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  7. This is an absolutely fundamental problem in Central London, particularly during the 5-8PM 'post office' slot. Big groups of people - most of them drinking wine, mainstream lager or bottles - standing by the bar and blocking both the pumps and the thoroughfare. Their defining characteristic is a complete oblivion to the fact that proper, serious drinkers might want to have a look and see what beers are on.

    What I don't get is how these groups ever end up in real ale pubs when they'd be just as well served elsewhere, mixing with their own kind!

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  8. I hope there are some of the perpetrators reading - you know who you are.

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  9. From the other side of the bar (serving at beer festivals or bars) it is an irritant too.

    Having to shout over to people if they are being served, having to listen twice as hard for the order, leaning over to exchange monies, trying to find a place on the bar to put the newly bought beverages.

    etc...

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  10. I shared the pain last week Mudge, it was irritating. Sitting or standing at the bar seems to be a highly variable pub feature; didn't see much of it in the Marches this week thankfully, but then they have proper seating there !

    Another feature of the Gateway last week was the queue we formed. I've seen some snide comments about the pub queue, a device invented to ensure that people get served order, on the basis that Spoons staff seem to have no ide who's next.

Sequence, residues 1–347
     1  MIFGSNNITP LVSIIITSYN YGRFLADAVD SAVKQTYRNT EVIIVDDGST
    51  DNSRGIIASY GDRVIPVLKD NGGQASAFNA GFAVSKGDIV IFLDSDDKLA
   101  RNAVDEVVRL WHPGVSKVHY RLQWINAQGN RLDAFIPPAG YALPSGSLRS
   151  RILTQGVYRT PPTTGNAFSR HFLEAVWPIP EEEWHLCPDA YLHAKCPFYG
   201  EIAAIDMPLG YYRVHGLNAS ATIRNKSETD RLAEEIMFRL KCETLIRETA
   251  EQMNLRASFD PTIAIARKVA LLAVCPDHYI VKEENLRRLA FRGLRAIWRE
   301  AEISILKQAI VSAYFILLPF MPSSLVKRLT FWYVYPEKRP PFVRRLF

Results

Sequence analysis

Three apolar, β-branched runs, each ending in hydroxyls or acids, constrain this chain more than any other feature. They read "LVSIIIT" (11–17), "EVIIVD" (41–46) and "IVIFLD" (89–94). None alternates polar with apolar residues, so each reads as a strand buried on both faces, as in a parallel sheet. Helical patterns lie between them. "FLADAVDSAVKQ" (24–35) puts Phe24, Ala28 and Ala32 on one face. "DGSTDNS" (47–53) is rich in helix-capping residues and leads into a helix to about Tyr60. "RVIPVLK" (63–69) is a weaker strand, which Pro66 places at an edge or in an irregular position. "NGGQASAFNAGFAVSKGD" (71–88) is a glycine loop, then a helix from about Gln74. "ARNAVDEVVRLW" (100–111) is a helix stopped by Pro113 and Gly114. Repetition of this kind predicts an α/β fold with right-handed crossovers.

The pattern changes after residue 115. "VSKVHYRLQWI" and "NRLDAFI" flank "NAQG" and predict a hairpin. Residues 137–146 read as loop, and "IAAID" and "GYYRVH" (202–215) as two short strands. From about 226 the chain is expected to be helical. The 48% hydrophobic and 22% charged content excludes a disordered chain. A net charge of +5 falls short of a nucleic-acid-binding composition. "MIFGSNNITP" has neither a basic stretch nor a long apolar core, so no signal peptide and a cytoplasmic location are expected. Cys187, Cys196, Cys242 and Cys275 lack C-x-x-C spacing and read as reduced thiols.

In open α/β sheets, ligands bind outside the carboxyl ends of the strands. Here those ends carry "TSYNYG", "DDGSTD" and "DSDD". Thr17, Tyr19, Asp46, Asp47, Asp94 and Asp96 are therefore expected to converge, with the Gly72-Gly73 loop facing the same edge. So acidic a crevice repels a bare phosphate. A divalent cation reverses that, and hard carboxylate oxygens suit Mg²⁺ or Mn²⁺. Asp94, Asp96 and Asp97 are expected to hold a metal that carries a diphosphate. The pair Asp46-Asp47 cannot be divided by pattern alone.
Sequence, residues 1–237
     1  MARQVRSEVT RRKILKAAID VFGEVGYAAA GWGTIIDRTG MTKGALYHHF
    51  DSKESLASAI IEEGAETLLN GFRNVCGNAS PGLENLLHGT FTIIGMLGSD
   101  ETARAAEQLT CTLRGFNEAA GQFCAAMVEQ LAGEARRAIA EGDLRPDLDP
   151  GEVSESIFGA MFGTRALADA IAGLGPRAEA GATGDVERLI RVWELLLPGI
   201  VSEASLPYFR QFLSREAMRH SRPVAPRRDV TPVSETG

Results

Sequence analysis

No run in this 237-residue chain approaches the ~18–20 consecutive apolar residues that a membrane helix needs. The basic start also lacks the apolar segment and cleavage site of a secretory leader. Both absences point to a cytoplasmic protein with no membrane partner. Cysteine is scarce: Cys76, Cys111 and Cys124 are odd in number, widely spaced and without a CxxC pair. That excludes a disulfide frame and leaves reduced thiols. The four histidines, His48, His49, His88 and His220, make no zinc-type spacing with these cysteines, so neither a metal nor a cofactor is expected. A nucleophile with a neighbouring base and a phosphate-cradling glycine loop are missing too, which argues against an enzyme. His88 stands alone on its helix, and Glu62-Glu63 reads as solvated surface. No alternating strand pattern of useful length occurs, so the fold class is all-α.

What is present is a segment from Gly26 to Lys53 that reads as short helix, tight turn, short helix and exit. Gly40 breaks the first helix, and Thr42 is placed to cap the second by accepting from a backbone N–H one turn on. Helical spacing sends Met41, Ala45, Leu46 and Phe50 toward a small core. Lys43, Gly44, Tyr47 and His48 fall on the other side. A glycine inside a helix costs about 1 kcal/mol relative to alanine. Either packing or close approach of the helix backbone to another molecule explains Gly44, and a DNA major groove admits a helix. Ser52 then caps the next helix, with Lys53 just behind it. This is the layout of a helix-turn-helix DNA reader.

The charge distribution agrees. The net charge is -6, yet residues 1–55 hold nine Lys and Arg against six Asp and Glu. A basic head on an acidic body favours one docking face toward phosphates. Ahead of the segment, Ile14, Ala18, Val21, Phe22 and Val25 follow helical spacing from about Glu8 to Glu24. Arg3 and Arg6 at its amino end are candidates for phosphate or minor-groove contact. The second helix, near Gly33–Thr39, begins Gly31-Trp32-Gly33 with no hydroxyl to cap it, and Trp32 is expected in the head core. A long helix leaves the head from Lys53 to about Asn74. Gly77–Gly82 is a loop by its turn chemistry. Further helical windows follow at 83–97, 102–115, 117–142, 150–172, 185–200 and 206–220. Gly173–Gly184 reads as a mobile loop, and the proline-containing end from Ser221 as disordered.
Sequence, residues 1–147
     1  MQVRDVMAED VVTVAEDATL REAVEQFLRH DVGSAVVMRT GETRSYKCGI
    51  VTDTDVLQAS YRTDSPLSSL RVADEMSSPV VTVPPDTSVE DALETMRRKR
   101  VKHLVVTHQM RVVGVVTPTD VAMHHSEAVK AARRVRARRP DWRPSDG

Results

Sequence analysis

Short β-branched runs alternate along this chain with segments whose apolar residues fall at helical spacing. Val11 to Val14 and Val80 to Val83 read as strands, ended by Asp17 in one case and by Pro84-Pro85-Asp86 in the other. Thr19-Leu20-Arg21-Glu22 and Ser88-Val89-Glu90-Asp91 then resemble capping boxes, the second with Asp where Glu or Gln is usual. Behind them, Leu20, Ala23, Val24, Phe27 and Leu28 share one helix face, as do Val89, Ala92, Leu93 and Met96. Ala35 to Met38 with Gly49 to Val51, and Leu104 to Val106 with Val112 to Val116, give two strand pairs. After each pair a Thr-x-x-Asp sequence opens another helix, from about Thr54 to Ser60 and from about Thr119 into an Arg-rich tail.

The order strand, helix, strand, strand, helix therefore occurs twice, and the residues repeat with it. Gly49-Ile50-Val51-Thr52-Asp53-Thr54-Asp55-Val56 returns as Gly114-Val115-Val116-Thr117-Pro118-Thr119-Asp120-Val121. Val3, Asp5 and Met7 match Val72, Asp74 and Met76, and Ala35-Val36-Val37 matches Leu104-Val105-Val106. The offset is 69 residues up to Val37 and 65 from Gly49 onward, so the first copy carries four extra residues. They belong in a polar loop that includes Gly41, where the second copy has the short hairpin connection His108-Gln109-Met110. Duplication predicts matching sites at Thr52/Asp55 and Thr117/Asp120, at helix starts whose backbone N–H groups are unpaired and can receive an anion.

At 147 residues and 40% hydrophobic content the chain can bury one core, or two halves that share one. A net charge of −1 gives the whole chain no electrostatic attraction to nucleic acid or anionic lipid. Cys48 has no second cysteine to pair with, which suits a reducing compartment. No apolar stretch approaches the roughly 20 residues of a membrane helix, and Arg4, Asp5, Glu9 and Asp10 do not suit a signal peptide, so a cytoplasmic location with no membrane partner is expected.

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    1. I've only ever seen queues in Spoons, presumably as you say, because the staff have no idea what's going on. Personally I prefer to drink at the bar although I will always get out of the way if it's crowded and people want to be served. However, if no bar stools are provided, I'll go and sit somewhere else rather than just stand there and get in the way.

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  11. The queues in Wetherspoons are because they never have enough staff. In my experience most are pretty competent but it must be tricky to remember who's next when you have so many in the queue.
    Worse, in my view, is that they only seem to clear tables at set times, not as they go. Hence free tables can be filthy or covered in empty glasses and plates, which can make it difficult to find somewhere to sit even if it's not busy.

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    1. That's a good analysis Malcolm. I've good experience with Spoons staff, but the friction you get when an old bloke wanting a Carling top-up cuts in front of a Mum ordering children's meals is getting a bit boring. I sympathise with staff who seem to be working up and down a long bar, trying to remember who was at the bar is probably no fun. Spot on about cleaning of tables.

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  12. One of the worst features I find when entering a pub is to see a sea of backs in front of the bar when the the pub is otherwise empty. What's wrong with sitting at a table, so that others can get to the bar and order a drink?